His dad was an alcoholic. His mom, a good Christian woman, died when he was 16. But it wasn’t until Jon Morris got hurt playing high school football that he was first introduced to pain pills. He blew out his knee and had the first of five surgeries on it.
Then, after he graduated from high school and starting doing oil field work, he was introduced to alcohol.
Morris eventually moved back home, got married, and had two kids. When he hurt his knee again, he had another surgery. More pain pills. It got worse. And worse. And worse.
Morris started and stopped with the pain pills but was in full-blown addiction after the fifth knee surgery. His prescription ran out when he was away from home on a job, so Morris bought crystal meth.
He was in and out of jail. He sold his children’s toys to feed his addiction. He overdosed several times, and his wife filed the first emergency protective order (EPO) against him.
Morris detoxed at The Ridge, then went to Mountain Center for Recovery and Hope on a UNITE voucher. He learned a lot about recovery, but once he started back to work, the pain medication and meth use started again. He spent all his paycheck on drugs and lied to his wife.
Two more EPOs, several arrests, and six months in jail followed. Morris’ wife continued to hope for the best and worked with the courts to get him help.
Morris again entered treatment with help from UNITE – this time at Edgewater. Realizing that he should have died, Morris really wanted to get straight. He entered treatment with nothing more than the clothes on his back. In addition to buying toiletries and other basic necessities, Edgewater helped him on the path to recovery.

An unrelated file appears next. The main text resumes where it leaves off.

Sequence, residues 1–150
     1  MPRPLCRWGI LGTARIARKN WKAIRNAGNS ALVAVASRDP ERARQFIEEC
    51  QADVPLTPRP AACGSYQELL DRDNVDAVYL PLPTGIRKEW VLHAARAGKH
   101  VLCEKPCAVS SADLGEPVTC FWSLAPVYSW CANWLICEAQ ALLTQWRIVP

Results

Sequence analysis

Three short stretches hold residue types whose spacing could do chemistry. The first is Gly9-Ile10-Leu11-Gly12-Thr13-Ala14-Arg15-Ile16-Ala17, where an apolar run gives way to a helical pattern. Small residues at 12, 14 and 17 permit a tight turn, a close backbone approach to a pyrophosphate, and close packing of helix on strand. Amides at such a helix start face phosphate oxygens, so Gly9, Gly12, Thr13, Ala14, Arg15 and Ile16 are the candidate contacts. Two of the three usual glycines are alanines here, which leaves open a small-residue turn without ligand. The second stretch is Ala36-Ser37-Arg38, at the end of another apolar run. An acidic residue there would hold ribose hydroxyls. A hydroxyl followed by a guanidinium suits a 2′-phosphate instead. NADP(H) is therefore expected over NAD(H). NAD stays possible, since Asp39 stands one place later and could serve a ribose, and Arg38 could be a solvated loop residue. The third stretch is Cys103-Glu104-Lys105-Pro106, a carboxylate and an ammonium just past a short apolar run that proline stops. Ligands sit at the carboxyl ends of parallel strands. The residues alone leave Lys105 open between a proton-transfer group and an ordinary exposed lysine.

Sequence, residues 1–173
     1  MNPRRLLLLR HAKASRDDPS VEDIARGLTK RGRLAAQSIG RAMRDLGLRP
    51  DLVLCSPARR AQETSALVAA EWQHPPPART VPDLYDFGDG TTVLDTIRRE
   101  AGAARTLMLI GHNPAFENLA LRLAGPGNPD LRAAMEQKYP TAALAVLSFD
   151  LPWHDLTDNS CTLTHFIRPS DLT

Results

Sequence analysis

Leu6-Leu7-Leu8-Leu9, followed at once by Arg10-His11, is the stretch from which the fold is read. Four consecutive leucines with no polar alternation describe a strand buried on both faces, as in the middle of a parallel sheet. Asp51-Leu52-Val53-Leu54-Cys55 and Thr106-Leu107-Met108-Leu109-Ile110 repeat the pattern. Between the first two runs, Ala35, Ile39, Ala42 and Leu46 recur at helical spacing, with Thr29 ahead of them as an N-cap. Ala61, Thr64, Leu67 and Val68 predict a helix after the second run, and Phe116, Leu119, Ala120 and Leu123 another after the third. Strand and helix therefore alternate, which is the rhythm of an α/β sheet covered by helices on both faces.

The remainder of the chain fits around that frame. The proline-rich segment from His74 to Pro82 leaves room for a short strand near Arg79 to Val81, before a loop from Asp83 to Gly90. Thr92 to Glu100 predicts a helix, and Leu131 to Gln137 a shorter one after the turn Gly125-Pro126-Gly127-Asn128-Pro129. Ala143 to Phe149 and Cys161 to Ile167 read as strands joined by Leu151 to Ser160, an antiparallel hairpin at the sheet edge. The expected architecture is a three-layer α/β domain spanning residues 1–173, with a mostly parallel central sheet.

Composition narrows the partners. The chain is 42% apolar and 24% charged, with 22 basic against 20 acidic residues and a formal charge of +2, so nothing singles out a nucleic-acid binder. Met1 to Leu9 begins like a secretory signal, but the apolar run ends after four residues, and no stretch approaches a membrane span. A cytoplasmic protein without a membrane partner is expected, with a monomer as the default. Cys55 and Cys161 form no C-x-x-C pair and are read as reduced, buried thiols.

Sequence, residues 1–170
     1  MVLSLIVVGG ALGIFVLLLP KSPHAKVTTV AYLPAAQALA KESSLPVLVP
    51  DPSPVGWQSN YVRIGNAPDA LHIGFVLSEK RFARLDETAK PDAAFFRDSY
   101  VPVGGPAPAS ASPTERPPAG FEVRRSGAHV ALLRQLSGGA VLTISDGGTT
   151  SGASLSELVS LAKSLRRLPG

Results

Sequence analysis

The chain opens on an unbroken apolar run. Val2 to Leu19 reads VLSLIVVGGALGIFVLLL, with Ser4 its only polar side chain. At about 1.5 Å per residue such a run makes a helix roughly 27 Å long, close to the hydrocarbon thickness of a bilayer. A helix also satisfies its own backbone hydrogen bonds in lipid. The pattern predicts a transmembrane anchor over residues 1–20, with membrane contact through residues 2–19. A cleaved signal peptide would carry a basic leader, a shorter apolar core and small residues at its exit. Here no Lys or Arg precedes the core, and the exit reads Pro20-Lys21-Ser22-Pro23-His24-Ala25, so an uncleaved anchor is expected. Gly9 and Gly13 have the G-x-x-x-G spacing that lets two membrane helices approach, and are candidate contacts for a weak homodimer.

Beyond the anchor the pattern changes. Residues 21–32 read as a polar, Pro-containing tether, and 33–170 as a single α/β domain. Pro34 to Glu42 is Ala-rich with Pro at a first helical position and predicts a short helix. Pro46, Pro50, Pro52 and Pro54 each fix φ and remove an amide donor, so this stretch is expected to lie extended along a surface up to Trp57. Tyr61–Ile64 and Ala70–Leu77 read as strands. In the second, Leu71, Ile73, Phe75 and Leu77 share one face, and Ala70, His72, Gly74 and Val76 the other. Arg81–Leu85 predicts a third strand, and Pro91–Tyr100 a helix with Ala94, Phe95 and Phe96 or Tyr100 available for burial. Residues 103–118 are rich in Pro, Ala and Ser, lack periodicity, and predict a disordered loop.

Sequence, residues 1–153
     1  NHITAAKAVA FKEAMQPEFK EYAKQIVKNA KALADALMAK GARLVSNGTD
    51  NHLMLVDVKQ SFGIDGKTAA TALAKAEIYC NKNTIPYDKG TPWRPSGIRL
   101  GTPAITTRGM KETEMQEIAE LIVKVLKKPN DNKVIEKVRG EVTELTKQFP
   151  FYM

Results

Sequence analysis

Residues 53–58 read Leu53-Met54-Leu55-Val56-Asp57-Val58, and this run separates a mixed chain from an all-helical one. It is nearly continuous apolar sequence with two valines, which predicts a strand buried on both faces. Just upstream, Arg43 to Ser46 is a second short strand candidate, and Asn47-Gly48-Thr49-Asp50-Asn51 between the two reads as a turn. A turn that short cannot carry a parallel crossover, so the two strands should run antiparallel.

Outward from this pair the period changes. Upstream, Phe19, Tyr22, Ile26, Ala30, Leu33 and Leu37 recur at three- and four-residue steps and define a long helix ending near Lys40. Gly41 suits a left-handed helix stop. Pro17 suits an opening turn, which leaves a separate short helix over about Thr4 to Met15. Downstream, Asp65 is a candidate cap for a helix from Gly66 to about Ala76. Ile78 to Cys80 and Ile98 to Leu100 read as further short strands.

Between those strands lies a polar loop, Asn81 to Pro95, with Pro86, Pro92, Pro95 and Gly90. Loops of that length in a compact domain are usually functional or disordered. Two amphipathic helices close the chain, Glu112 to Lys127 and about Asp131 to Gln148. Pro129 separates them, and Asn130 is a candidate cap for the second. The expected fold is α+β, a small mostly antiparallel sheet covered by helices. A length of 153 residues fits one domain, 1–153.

But the most help came when Morris poured out his heart and soul to God one night while laying in bed. His mother-in-law had called to wish him a Happy Father’s Day, and he marks June 2018 as his clean date.
“Rehab facilities are awesome, but there’s nothing like the blood of Jesus Christ,” Morris proclaims.
Another big obstacle awaited – hernia surgery. Morris told his doctor that he wanted to do the surgery without follow-up pain medication – and he did.
“I’ve been homeless for two years. I slept under buses and bridges in Greasy Creek. I snorted pain pills and smoked crystal meth. I ran with the worst of the worst. I came close to starving to death. But my wife never gave up on me,” Morris said.
“I want to thank my wife; my uncle; the people at The Ridge, Mountain Center for Recovery and Hope, Edgewater; Judge Hall, who treated me with respect in his courtroom; Judge Marcum, who said a prayer before I was brought into his courtroom in shackles; and Floyd County Sheriff John Hunt. So many people in the community helped me.”
“I now teach Sunday School; my three kids respect me. I am paying off old debts,” Morris added. “There is hope.”